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Ray Duckler: If you charge them, will they come? Perhaps not

  • Downtown Concord is seen from a roof top on Tuesday, April 19, 2016. (ELIZABETH FRANTZ / Monitor staff) Elizabeth Frantz



Monitor columnist
Thursday, June 30, 2016

Nothing in this column will surprise Matt Walsh, Concord’s director of redevelopment, downtown services and special projects.

Or other city officials, for that matter. They knew no one was going to be thrilled about paying a dollar more per hour to park downtown, which has been mentioned as a solution to the city’s in-the-red parking program.

I went downtown to ask shoppers what they thought. I asked merchants the same thing.

Eyes rolled. Sometimes they popped out, resembling a character from a Tom and Jerry cartoon. Heads shook back and forth. Mouths moved into the classic oval of astonishment position. People mentioned all the fuss made about Concord’s recent face-lift, how it should lure traffic, pump dollars into the economy and make Concord business friendly.

Even the Steeplegate Mall, long a barren wasteland more suitable for cacti and tumbleweeds than shoppers, was seen as a legitimate substitute for the stores on the main drag.

“It seems counterintuitive,” said Josh Lienhart of Manchester, who works in town 30 to 40 hours per week. “To do all this work to encourage people to come down here, and then price them out of parking? And more than double it?”

That theme rolled down Main Street like quarters in a kiosk. Upping the current meter rate from 75 cents an hour for on-street and lot parking, and 50 cents in city garages was inevitable, I was told.

But a dollar-an-hour increase for prime real estate parking seemed a bit steep, as did moving fines from $10 to $25 for overstaying your welcome. Also troubling: the extra two hours each weekday that would fall under meter jurisdiction, not to mention 11 hours on Saturday, extending to 8 p.m.

That’s right. If passed by the Concord city council, parking will cost you during a chunk of Saturday night. All of this means you’ll be paying more money more often to enjoy those expanded sidewalks, red benches and new crosswalks.

“That’s crazy,” said John Morton, a health and lifestyle coach from Loudon. “I would stop parking on the Main Street. There’s a point where something doesn’t make sense anymore. There’s a point where you have overpriced it.”

Don’t panic. A lot of digesting and dialogue must occur before this goes through, but it’s impossible not to wonder what sort of effect the change would have on consumers.

And retailers.

Laura Miller, who owns Marketplace New England, has long been a face and voice for businesses downtown. She saw a 25-cent increase near her shop, to a buck an hour, as a normal part of economic evolution.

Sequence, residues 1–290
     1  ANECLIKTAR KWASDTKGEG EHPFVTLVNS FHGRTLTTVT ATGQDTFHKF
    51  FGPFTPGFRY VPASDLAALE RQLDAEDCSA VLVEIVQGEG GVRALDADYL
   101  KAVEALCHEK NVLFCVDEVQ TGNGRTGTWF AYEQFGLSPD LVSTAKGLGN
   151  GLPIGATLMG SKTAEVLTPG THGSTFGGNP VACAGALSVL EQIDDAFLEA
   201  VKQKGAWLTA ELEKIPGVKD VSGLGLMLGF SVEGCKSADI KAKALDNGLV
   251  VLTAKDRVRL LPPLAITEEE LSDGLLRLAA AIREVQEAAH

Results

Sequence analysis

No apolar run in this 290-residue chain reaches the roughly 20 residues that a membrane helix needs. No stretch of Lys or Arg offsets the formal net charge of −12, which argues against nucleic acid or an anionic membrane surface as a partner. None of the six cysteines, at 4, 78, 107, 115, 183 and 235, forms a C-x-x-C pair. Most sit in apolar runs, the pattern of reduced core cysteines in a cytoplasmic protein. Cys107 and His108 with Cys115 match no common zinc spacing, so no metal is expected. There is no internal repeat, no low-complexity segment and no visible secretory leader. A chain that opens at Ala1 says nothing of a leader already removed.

Not this, though. Not a rise to $1.75 an hour.

“It’s important to encourage people to come here,” Miller said. “If the purpose (of the renovations) was to bring people down here, you can’t discourage it. And going to Saturday will severely hurt business. Normally that’s the day people can browse, can have lunch, spend a whole day here.”

Emily Galvin, manager at the Viking House, noted the 150 percent increase in parking tickets, saying, “People start to look at their watches now. They feel the pressure when the fine is $10, so if the threat is $25, they’ll feel even more panicked.”

Galvin agrees with the city’s goal, which is to drive shoppers into the garages, where oftentimes the cheaper spaces remain unused throughout the day.

“There are seniors who need to park on Main Street,” Galvin said. “But we have three garages within a block of us and people don’t want to carry packages, they feel the need to be close. Everywhere else in the world people have to carry things, but people have told me they won’t come in if they can’t find a spot out front.”

Concord wants you to park in those garages. Don’t be intimidated. It’s easy, and there’s no time limit. Enjoy your new-and-improved downtown. Stick around.

Walsh, the city’s downtown director, said the goals of the plan are two-fold: get the parking system out of the red, and keep the shoppers coming. But he knew achieving that balance wasn’t going to be easy.

“There’s going to be a period of reaction where people are not going to be happy, and you’re going to have to let that ride out for awhile,” Walsh told fellow city officials Monday night.

Tressa Kosowicz, who with her father owns Little River Oriental Rugs, totally sided with the city’s potential vision, which surfaced after recommendations from consultant firms.

“Parking should be a self-sustaining program rather than relying on tax money,” said Kosowicz, who showed me a plastic business card holder near the front door, filled with quarters in case her customers need them.

“I’m not going to lose a sale over 50 cents,” she said.

But others might lose sales if the parking rate goes too high, too fast. Morton, the health and lifestyle coach from Loudon, said this could be the best promotion the Steeplegate Mall has ever had.

“You can park there for free,” he said.

While, soon, it could cost $1.75 an hour on Main Street. Same as in Portsmouth. I mentioned that while talking to Miller and Galvin.

“We’re not in Portsmouth,” they said in unison.

(Ray Duckler can be reached at 369-3304 or rduckler@cmonitor.com or on Twitter @rayduckler.)